The Sunday Times Driving Placeholder

News: GM, Audi and Jaguar suspend sales in Russia as rouble collapses

Drastic measures as market melts down


GM, Audi, Jaguar Land Rover suspend sales in Russia after rouble collapse

SOME OF the world’s largest car makers have suspended deliveries of new vehicles to dealerships in Russia after a collapse in the rouble.


Search for and buy your next car on driving.co.uk


Jaguar Land Rover, Audi and General Motors, which owns brands such as Opel (known in Britain as Vauxhall) and Chevrolet, are all taking time out of the market while they decide how best to deal with the financial crisis. Russians have been rushing out to buy vehicles, along with other high-cost goods, as prices are set to increase sharply in the coming weeks to offset the fall in value of the national currency.

GM was the first manufacturer to suspend sales to dealers on December 16, in order to “manage business risk”. It did not set a date to resume wholesale deliveries but did say it would deliver Chevrolet, Opel and Cadillac cars that had already been bought.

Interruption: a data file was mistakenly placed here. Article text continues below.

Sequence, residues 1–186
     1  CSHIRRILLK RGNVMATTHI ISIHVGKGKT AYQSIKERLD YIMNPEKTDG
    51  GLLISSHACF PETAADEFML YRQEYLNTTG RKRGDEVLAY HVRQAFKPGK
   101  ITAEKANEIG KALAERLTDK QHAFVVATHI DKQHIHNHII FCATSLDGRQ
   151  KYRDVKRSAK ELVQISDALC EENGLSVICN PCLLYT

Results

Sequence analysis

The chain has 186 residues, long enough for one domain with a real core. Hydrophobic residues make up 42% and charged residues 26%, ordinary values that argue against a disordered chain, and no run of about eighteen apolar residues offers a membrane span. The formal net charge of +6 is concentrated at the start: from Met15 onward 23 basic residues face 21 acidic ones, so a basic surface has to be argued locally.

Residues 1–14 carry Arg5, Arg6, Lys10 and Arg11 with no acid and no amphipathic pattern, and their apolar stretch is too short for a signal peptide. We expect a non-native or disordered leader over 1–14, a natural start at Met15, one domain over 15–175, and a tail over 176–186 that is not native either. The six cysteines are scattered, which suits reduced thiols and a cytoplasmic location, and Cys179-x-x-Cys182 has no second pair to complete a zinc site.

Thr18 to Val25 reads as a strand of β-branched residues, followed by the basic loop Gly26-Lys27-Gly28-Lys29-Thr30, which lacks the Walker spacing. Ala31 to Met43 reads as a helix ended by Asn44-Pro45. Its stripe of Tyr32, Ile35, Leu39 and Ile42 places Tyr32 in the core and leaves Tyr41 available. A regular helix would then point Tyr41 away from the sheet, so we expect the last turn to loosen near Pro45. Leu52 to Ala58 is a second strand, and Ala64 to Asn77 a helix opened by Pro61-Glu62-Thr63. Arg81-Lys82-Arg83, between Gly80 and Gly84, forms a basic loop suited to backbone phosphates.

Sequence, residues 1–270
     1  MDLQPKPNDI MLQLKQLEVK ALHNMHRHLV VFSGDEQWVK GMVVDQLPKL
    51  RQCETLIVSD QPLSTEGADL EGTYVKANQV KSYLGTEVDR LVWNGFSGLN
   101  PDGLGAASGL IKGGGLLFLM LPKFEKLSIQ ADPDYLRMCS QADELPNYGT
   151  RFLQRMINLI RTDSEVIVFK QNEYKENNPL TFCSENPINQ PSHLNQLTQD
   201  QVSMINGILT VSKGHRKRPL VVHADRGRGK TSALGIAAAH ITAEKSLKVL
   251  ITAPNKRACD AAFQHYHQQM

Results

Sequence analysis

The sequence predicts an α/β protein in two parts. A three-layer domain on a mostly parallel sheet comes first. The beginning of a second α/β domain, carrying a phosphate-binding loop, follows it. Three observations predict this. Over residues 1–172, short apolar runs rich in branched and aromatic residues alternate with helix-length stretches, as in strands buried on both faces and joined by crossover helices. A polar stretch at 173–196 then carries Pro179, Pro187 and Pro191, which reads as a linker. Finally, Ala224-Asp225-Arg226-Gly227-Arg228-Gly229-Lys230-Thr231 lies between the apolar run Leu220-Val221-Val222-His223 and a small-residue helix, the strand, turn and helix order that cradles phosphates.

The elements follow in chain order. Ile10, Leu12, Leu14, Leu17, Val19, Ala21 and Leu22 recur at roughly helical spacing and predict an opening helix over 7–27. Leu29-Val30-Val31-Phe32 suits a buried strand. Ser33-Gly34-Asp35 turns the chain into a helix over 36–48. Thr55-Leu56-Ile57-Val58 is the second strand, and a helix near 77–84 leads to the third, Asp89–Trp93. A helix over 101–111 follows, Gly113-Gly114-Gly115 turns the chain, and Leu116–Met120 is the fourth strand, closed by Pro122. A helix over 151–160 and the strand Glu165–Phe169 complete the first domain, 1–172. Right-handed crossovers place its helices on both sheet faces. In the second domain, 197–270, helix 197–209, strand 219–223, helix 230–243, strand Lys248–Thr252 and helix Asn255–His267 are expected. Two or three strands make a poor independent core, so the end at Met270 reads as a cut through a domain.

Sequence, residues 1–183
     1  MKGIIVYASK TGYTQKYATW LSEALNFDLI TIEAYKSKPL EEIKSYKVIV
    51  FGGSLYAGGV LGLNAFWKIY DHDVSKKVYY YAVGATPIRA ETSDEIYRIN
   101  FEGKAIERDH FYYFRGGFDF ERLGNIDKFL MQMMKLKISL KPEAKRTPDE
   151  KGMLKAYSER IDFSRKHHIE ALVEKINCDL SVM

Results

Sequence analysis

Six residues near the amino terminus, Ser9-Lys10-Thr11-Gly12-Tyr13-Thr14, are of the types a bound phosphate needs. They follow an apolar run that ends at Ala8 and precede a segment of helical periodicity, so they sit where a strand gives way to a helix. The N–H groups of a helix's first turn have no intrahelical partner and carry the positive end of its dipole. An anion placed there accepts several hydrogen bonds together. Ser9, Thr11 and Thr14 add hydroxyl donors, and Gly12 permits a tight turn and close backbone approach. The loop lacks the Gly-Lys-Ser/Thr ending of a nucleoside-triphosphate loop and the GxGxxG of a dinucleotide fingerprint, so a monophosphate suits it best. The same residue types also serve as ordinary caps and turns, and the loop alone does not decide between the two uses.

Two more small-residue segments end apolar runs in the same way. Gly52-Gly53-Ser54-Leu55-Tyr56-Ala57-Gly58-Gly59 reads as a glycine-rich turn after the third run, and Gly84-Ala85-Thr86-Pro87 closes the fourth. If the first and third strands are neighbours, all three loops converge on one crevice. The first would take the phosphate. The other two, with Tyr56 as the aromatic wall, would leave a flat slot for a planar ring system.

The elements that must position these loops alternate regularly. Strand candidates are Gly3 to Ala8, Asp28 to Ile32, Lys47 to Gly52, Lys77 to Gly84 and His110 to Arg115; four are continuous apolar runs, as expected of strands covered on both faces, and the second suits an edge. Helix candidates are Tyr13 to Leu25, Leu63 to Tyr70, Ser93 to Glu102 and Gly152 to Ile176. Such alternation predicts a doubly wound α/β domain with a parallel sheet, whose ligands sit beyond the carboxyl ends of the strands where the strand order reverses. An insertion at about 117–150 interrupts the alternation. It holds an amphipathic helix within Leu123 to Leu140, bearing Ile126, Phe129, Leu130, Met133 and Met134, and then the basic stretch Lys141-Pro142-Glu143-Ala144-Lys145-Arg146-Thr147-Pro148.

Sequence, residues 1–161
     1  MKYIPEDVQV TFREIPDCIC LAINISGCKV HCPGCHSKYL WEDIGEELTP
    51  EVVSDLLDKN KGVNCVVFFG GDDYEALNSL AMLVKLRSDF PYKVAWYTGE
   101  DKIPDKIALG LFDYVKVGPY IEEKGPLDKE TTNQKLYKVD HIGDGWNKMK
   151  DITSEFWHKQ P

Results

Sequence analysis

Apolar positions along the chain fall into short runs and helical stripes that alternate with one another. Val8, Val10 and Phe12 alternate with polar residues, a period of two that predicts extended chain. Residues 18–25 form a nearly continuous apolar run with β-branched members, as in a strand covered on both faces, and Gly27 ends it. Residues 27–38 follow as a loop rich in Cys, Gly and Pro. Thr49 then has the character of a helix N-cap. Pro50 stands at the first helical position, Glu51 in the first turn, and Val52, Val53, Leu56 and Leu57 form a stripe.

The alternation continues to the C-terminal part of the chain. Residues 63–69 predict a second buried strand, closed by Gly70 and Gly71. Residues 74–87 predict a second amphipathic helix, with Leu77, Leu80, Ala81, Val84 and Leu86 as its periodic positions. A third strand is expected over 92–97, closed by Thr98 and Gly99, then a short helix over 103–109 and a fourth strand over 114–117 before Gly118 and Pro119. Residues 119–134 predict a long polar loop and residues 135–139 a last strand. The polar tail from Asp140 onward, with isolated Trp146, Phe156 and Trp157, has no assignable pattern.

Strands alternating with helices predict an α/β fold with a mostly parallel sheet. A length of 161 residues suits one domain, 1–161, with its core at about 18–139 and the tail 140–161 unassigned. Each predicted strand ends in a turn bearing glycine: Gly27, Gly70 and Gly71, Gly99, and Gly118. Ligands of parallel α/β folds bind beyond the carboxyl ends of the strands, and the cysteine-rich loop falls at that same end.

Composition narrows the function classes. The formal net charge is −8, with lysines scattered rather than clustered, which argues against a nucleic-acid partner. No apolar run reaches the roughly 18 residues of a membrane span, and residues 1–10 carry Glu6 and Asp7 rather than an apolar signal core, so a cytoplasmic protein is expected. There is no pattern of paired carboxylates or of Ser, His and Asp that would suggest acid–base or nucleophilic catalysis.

Audi was quick to follow suit and suspended sales in the country but said it would resume once the Volkswagen Group, its parent company, had set a new price list in the near future. “In the course of this evaluation process Audi Russia shifted car supplies to dealers from this week to the beginning of next week. This shift is not a sales ban: our dealers continue to sell cars,” Audi said.

Jaguar Land Rover said it would suspend sales until today, December 19, but a spokesperson was unable to comment on future plans. BMW is one of the few manufacturers to reveal the true extent of the damage caused by the rouble’s collapse: the German company said it might lose between €100m and €150m (£78-£117m) in earnings in the fourth quarter if the currency loses half its value. Automotive News reports that the company sold 33,465 BMW and Mini cars in Russia in November, a 17% decrease on the same period last year.

The rouble has fallen in value by more than 40% since June, causing the country’s biggest financial crisis since 1998.